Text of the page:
Computer Science and the Evolution of Genetic Information
Nancy A. Forbes and Laura F. Landweber
When naturalist D’Arcy Thompson described the inner world of the bacterium in his 1917 book, On Growth and Form, he wrote, "…we have come to the edge of a world of which we have no experience, and where all our preconceptions must be recast."1 The sense of wonder Thompson felt as he observed this heretofore unseen subcellular world—and his premonition that it might not fit well into existing biological paradigms—could still apply today when molecular biologists and computer scientists come together to find a common language to explore new questions in biocomputing. Such was the case at a recent meeting at Princeton University, where molecular evolutionary biologists, computer scientists, physicists, and others assembled to discuss various topics, in particular, the evolution of the genome. According to the organizers of "Evolution as Computation", the meeting’s goal was "…to construct a quantitative view of the computations that take place in cells and the combinatorial processes that drive evolution at the molecular level"—in other words, to use the tools and concepts of information science to understand how the complex networks such as gene regulation and genome rearrangement, evolve over time, and how they can be harnessed to test evolution in the laboratory and to build new tools in areas such as cellular engineering. The event was sponsored by the Center for Discrete Mathematics and Theoretical Computer Science (DIMACS), the Alfred P. Sloan Foundation, and the Santa Fe Institute.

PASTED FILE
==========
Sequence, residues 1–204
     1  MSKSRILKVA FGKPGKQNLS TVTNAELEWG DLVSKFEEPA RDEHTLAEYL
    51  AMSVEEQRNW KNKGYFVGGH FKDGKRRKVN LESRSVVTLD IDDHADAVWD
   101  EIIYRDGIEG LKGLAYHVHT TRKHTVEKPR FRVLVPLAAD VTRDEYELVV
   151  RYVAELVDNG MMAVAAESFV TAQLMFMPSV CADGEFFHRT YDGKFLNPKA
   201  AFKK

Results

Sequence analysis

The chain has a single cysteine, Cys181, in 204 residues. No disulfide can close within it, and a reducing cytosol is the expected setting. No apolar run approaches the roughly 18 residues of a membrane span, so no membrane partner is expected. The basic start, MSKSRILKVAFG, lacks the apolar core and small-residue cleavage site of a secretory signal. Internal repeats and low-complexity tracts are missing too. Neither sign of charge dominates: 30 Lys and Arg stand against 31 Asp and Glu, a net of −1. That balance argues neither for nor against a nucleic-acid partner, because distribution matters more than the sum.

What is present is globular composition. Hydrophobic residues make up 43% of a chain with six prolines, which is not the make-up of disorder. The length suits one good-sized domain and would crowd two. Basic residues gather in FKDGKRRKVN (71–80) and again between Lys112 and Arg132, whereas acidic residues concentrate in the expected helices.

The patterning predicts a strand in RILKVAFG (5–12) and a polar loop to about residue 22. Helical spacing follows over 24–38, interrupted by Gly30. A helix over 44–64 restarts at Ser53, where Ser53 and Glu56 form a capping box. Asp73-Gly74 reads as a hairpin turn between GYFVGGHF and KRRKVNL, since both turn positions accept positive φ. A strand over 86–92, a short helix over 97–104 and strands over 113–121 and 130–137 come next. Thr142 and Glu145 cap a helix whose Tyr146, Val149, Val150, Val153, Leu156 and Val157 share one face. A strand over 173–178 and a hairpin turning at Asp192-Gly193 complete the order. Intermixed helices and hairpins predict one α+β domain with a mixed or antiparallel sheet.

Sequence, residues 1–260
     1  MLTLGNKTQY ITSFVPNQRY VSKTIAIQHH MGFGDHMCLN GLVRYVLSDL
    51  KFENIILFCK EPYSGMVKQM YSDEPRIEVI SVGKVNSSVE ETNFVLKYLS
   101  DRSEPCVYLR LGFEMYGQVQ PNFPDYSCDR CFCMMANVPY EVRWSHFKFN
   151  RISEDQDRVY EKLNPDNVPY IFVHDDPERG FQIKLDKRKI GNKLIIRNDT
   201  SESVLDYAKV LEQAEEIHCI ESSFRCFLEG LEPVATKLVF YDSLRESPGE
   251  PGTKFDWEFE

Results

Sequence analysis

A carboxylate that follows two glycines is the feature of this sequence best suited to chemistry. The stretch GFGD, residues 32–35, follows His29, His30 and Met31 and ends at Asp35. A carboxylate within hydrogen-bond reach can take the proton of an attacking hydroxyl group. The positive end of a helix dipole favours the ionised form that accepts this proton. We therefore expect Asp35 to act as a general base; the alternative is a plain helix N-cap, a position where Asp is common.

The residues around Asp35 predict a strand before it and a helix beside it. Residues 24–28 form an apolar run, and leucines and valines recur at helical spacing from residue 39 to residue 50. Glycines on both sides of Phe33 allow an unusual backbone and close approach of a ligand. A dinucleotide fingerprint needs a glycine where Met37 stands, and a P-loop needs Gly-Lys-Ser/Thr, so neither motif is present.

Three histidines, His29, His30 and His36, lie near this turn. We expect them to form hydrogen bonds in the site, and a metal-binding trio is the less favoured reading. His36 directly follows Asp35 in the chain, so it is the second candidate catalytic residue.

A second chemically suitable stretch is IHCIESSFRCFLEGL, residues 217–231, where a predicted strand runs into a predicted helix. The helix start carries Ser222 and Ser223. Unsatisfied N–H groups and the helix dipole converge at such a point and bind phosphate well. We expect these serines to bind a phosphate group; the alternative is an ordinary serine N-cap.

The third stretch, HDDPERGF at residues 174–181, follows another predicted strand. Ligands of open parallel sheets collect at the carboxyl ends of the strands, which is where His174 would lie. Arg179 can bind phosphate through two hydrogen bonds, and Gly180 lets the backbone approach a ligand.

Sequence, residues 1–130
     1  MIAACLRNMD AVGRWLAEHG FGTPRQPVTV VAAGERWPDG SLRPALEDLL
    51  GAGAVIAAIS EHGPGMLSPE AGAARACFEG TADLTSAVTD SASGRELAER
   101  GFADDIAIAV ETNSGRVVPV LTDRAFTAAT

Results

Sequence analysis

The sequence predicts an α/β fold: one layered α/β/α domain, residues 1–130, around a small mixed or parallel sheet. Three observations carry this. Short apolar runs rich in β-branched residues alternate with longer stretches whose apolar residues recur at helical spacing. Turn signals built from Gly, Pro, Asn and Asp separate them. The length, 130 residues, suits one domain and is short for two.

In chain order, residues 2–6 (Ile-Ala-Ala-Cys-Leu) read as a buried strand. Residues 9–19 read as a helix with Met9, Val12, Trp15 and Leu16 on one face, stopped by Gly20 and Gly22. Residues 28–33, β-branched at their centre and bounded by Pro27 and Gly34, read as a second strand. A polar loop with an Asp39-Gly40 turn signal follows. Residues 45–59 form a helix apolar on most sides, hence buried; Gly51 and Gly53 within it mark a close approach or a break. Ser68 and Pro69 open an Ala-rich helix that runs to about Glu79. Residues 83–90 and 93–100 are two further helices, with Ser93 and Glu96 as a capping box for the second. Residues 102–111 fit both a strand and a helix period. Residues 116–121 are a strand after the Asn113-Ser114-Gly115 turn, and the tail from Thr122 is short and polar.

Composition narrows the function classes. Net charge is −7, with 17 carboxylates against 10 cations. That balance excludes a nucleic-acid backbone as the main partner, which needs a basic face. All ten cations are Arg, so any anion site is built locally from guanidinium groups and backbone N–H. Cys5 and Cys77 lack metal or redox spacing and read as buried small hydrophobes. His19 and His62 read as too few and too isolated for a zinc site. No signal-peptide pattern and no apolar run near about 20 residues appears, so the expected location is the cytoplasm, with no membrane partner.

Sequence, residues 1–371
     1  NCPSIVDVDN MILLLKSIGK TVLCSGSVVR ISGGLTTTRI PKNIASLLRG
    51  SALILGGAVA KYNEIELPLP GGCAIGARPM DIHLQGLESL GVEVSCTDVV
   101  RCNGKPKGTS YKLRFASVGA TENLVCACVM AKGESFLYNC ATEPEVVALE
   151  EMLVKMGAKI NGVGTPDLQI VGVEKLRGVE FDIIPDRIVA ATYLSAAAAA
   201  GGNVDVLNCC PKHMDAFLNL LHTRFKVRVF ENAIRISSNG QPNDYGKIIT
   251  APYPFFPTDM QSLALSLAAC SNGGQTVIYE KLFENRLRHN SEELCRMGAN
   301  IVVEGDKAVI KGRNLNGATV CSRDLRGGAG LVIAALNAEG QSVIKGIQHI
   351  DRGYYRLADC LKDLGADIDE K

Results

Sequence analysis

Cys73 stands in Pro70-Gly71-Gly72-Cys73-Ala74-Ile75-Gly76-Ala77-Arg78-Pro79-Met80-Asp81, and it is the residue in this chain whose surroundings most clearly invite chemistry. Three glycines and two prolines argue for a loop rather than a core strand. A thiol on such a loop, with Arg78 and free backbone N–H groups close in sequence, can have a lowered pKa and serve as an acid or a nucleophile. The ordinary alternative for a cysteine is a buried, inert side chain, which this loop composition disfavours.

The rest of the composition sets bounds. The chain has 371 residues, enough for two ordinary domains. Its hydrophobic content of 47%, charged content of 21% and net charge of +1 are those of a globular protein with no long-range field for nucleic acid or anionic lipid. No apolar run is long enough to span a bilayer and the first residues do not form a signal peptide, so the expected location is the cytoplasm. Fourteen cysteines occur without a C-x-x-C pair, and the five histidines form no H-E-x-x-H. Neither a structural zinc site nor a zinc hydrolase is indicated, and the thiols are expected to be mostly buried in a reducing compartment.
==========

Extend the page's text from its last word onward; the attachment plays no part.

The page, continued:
Biocomputing has been described as a hybrid field combining information science and biology, where researchers attempt to build computational models of real biological systems, and to use biological systems or processes as metaphors for designing new computational systems. The field itself is not exactly a new one. Areas such as artificial neural networks, genetic algorithms, evolutionary programming, cellular automata, DNA computing, and computational molecular biology could all be considered biocomputing, and some, such as neural nets, have been around since the 1940s. However, in the last few years, new hybrid subjects have emerged, and an important one attempts to view genome evolution through the lens of computer science.